I was constantly switching schools during the first years of my student life. In my first grade, I studied at a semi-boarding school that provided me breakfast and lunch because both of my parents had to work and were never at home. Then, in my second grade, I switched to a public school that was near my house because my mother hired me a nanny. But then in my third grade, my family moved to the big city, thus leading to another change of school. It did not stop there. In my fourth grade, my nanny got married and quit her job, so I had to, again, switch to a boarding school.
Luckily for me, I was able to stay there for 2 years before going to junior high school. Switching schools so many times like that, I did not really have the chance to make many memories; however, I always remember my fourth school as the place that gave me some very valuable presents. In Vietnam, each school has a different technique in running and teaching, and as I was constantly switching schools, I got to experience many unique customs that each one had. In my first school, I was allowed to pick my own food and place to sleep at naptime. My second school had a unique mid-day exercise that took place every day at 9 a.
m. My third school was located in the middle of a market, thus at every recess, students would go outside with their teachers to shop for lunch. And then came my fourth school. It was a private and prestigious one. Students were required to wear different uniforms on different days. When it was Monday, Wednesday, and Friday, I would wear a blue dress; and on Tuesday and Thursday, I would wear a red one. I remembered clearly the excitement I got every morning, choosing what dress to wear for that day. I learned the order of seven days in a week thanks to that custom.
Now that I am coming to the end of high school and to the beginning of my college education, it scares me to death. Going to school has been one of my biggest priorities and the most routine part of my life for the past thirteen years. I have many more years to get through, but the years that I spent in elementary school and junior high were the most memorable. I have learned so much since then, ...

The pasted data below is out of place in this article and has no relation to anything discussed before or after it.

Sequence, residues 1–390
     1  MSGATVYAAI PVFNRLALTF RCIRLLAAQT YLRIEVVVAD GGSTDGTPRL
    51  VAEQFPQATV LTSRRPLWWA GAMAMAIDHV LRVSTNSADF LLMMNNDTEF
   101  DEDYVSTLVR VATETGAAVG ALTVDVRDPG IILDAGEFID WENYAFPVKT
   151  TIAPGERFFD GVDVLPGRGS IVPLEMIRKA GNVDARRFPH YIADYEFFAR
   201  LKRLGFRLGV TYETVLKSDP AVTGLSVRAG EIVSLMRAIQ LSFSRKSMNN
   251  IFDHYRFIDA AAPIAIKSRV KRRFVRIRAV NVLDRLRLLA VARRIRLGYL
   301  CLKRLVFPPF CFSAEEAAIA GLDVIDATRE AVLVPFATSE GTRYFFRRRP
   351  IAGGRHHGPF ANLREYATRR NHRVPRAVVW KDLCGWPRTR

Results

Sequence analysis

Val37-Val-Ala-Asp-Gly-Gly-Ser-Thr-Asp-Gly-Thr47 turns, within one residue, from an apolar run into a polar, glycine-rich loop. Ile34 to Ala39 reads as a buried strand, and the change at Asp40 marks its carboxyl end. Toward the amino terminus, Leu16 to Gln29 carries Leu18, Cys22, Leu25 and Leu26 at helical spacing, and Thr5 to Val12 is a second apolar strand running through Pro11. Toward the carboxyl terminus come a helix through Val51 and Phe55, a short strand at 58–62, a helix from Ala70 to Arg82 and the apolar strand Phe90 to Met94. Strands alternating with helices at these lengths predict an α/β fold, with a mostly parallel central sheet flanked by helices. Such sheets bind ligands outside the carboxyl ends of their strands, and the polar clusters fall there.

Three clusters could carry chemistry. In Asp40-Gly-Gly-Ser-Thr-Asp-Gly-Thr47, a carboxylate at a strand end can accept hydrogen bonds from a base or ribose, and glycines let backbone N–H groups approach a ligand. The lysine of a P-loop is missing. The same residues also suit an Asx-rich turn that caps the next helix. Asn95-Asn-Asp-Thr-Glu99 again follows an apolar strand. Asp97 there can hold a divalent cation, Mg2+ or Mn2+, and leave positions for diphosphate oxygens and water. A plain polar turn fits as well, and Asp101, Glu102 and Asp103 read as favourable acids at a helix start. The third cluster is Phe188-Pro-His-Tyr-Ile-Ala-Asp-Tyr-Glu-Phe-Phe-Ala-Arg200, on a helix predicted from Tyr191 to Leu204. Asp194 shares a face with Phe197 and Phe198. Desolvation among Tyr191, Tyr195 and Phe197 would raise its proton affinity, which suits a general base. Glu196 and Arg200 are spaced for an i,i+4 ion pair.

However, that is not the most valuable lesson that I learned from my fourth school. As my fourth school was an elite one, both teachers and students were expected to perform their best. Teachers had their own evaluation documents that must be updated every week, stating how well their students were doing, including the number of absences, violations of rules, and the students’ scores in every test. This put a lot of pressure on the teachers, because their bonus salary depended on the outcome of their students, thus they came up with many original ideas to maintain their reputation.
I cannot remember what the literature classes were like then, but I can still recall vividly how peculiar the preparation for the exams was. In my fourth grade, literature class was all about how to write a descriptive essay. The topics were always “describe your pet,” “describe your favorite ruler,” “describe your favorite pen,” and so on. If you don’t have a pet, it’s okay, because no pet would be as acceptable and as “true” as your teacher’s pet. My teacher would read out loud her outline for a certain topic and asked us students to write it down.
We were then required to memorize the outline by heart. In the tests that took place in class, we were still allowed to write the essay in our own words, although the ideas were taken from the teacher’s outline. But when it came to the final exams, we would be given a completed essay to memorize and our only job then was to rewrite it. Things were going just fine with these tests until that one exam where the topic for my essay was to describe my favorite food. My teacher gave me a very detailed essay about Pho, my country’s somewhat national food.